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26 June 2017

Flying the F-35B Lightning II: Pilots Take to the Skies with the UK's Newest Jet

As Station Commander of Royal Air Force Lossiemouth, Paul Godfrey, describes how the £73 million F-35B Lightning II fighter jet will form the centrepiece of the UK’s Royal Navy and RAF next year, an F35 interrupts him. It roars down the runway for just 90 metres before launching into the sky. Godfrey pauses for the spectacle. “If it's about to put on a show – it’s worth watching,” he says.

Godfrey, who by his own admission could talk about the jets all day long, trains the next generation of British fighter pilots for when 138 Lightning IIs go into servicein the summer of 2018.

At Langley Air Force Base in Virginia, he was there to see them in action. The US Air Force hosted a Tri-Lat exercise with the Royal Air Force and French Air Force in April - it was the first opportunity the three countries had to practise together with the fifth-generation jets. It also marked the re-signing of a formal agreement to continue cooperating in the future.

At the airbase, the three countries were given missions where they would work together against ‘enemy aircraft’, which gave them an opportunity to fine tune their capabilities and work off each other’s strengths.

For the F-35Bs, their well-documented strength is stealth, and alongside the UK’s multi-role combat Typhoons and the French Dassault Rafales, they can act as the eyes of the fight, hanging back from the front line and communicating the whereabouts of enemy fighters in the field.

As the Typhoons and the Rafales engage in combat, they can rely on the F35's to feed them information via radio and LINK-16 communication systems. “We [the Typhoons] go out the front and simulate taking shots at the enemy,” Godfrey told WIRED. “And some of them may stay alive because of manoeuvres they’ve performed.” When the pilots feel they are being dragged too far from their 'homeland' they turn around - known as going cold. The F-35, however, continues to transmit the location of other aircraft to the Typhoon cockpit, letting them know who they need to target when they "turn around hot," Godfrey says. “The F-35 has its own weapons system as well, so if anyone gets around us they can then go pick those guys off.”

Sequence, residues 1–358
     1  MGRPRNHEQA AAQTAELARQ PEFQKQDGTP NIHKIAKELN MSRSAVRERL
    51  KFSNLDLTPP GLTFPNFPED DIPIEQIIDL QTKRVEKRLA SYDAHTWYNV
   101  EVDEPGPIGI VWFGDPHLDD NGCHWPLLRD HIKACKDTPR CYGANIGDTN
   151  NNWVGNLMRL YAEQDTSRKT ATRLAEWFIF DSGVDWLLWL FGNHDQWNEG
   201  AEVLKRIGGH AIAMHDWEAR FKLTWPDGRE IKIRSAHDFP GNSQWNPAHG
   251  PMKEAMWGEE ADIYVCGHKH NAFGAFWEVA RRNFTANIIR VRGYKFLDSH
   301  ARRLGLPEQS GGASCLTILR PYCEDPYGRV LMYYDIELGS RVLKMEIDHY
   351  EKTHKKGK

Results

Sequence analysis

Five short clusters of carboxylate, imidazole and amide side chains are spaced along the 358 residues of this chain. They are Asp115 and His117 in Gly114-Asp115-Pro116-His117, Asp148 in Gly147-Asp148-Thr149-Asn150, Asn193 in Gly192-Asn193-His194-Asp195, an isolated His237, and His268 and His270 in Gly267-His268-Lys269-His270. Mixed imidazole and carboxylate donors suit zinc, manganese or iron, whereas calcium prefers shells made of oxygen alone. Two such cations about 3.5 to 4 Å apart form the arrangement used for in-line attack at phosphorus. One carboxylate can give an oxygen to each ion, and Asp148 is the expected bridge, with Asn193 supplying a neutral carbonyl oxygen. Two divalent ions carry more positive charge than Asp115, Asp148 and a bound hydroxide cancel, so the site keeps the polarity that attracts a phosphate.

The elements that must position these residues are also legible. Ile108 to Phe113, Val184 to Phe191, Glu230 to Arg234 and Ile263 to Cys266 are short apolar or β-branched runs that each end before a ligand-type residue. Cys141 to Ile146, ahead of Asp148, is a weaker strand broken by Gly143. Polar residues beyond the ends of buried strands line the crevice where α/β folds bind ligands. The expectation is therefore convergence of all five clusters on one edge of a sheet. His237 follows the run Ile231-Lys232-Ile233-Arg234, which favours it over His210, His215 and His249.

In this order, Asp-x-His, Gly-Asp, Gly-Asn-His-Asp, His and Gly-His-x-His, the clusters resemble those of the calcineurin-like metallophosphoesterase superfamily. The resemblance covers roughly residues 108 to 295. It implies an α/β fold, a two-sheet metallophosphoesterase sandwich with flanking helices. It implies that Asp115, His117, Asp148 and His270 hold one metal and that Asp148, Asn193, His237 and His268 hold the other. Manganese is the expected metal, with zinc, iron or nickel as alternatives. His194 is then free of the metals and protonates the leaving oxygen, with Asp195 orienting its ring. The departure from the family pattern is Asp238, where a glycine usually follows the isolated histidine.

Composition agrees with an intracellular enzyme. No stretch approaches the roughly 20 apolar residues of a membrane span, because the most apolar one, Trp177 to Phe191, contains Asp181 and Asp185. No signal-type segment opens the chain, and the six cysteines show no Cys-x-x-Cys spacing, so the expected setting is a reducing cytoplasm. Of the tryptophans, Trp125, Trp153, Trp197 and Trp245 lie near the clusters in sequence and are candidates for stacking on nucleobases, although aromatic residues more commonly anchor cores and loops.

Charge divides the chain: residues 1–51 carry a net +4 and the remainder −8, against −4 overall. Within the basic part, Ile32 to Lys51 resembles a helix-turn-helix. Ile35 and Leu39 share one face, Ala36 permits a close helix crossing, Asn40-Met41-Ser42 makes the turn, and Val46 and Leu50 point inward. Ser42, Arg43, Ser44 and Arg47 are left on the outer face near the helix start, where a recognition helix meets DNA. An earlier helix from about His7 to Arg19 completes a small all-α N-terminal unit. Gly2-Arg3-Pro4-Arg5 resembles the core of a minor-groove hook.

The exercise met all of Godfrey's expectations. “Not a single one of those enemy airplanes crossed that line in the sky. It was the first time I’ve seen the planes integrate for real, and it was brilliant.”

At the airbase, the three countries were given missions where they would work together against ‘enemy aircraft’, which gave them an opportunity to fine tune their capabilities and work off each other’s strengths.

For the F-35Bs, their well-documented strength is stealth, and alongside the UK’s multi-role combat Typhoons and the French Dassault Rafales, they can act as the eyes of the fight, hanging back from the front line and communicating the whereabouts of enemy fighters in the field.

As the Typhoons and the Rafales engage in combat, they can rely on the F35's to feed them information via radio and LINK-16 communication systems. “We [the Typhoons] go out the front and simulate taking shots at the enemy,” Godfrey told WIRED. “And some of them may stay alive because of manoeuvres they’ve performed.” When the pilots feel they are being dragged too far from their 'homeland' they turn around - known as going cold. The F-35, however, continues to transmit the location of other aircraft to the Typhoon cockpit, letting them know who they need to target when they "turn around hot," Godfrey says. “The F-35 has its own weapons system as well, so if anyone gets around us they can then go pick those guys off.”